Emotions in early mission encounters in colonial Greenland and Australia
Research output: Chapter in Book/Report/Conference proceeding › Book chapter › Research › peer-review
This chapter uses the concept of affective circuits to analyse the emotional dynamics of Christian mission in two eighteenth-century colonial contexts: Greenland (1721-1736) and Australia (1788-1791). McLisky argues that the first missionaries in each setting—the Lutheran minister Hans Egede and the Anglican chaplain Richard Johnson—aimed to encourage the transfer of particular ‘positive’ emotions between themselves, their indigenous converts and prospective converts, and missionary supporters ‘at home’ in Denmark and England. They did this in the hope that successful emotional transfers would set up affective circuits which would intensify these ‘positive’ emotions in all parties, thereby stimulating support for the mission and strengthening the faith of all involved. Diverse colonial contexts, however, meant that their attempts to foster such circuits had very different outcomes.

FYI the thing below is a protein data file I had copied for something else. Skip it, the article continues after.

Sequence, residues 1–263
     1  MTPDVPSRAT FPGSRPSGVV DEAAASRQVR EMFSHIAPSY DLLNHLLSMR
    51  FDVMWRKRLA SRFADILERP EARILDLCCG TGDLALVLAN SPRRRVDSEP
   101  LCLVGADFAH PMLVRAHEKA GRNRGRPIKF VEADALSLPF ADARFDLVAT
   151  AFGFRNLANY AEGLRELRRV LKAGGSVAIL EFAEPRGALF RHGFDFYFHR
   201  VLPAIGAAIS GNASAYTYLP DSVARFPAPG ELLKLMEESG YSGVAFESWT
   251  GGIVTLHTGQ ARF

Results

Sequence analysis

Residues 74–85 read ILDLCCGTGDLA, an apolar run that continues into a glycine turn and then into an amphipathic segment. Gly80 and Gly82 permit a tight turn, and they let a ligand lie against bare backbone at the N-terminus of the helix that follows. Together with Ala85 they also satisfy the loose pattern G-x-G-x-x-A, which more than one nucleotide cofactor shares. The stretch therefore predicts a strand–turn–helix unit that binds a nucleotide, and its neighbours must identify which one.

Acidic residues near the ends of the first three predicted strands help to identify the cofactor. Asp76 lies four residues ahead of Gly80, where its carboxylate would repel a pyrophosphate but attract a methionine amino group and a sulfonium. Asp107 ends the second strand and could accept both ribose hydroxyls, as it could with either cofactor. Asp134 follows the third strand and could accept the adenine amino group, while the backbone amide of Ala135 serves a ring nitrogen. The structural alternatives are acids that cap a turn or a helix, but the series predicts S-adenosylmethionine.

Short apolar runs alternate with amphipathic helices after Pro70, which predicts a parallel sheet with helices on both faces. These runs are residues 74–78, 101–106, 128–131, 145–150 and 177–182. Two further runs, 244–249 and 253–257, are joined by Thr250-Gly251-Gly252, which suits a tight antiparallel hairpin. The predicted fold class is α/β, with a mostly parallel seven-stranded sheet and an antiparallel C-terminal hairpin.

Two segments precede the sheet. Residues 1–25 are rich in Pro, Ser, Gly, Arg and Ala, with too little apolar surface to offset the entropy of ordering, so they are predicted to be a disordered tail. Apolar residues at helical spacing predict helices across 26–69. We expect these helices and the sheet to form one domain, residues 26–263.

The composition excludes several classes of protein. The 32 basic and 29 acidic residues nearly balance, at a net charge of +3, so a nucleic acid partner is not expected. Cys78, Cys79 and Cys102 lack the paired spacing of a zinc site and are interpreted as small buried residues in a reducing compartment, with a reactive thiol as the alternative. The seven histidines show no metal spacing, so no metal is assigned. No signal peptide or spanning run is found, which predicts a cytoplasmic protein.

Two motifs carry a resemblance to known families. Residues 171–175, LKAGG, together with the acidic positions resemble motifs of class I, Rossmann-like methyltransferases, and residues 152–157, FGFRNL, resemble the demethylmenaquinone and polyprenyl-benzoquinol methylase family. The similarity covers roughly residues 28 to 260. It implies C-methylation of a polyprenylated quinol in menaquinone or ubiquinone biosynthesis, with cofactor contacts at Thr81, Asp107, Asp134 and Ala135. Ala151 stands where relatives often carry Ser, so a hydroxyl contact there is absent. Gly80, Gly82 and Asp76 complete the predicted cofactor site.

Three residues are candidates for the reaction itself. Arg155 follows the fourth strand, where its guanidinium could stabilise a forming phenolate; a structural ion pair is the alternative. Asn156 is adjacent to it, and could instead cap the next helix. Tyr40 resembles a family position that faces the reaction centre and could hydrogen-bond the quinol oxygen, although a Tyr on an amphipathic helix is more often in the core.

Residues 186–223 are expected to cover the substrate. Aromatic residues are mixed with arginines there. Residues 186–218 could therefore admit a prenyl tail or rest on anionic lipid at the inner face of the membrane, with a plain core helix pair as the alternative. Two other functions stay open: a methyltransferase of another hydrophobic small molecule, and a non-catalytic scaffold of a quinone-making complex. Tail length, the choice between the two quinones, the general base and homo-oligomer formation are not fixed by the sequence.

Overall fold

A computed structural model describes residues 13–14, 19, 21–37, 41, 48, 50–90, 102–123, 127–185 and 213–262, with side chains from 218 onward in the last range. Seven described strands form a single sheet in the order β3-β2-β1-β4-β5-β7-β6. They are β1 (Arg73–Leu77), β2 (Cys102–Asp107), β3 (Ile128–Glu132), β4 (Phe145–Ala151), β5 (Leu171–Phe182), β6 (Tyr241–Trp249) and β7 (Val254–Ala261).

|Title of host publication||Emotions and Christian mission : Historical perspectives|
|Editors||Claire McLisky, Daniel Midena, Karen Vallgårda|
|Place of Publication||London|
|Publication status||Published - 2015|
- Faculty of Humanities - mission history, comparative history, Følelseshistorie, Greenland, history, Australian history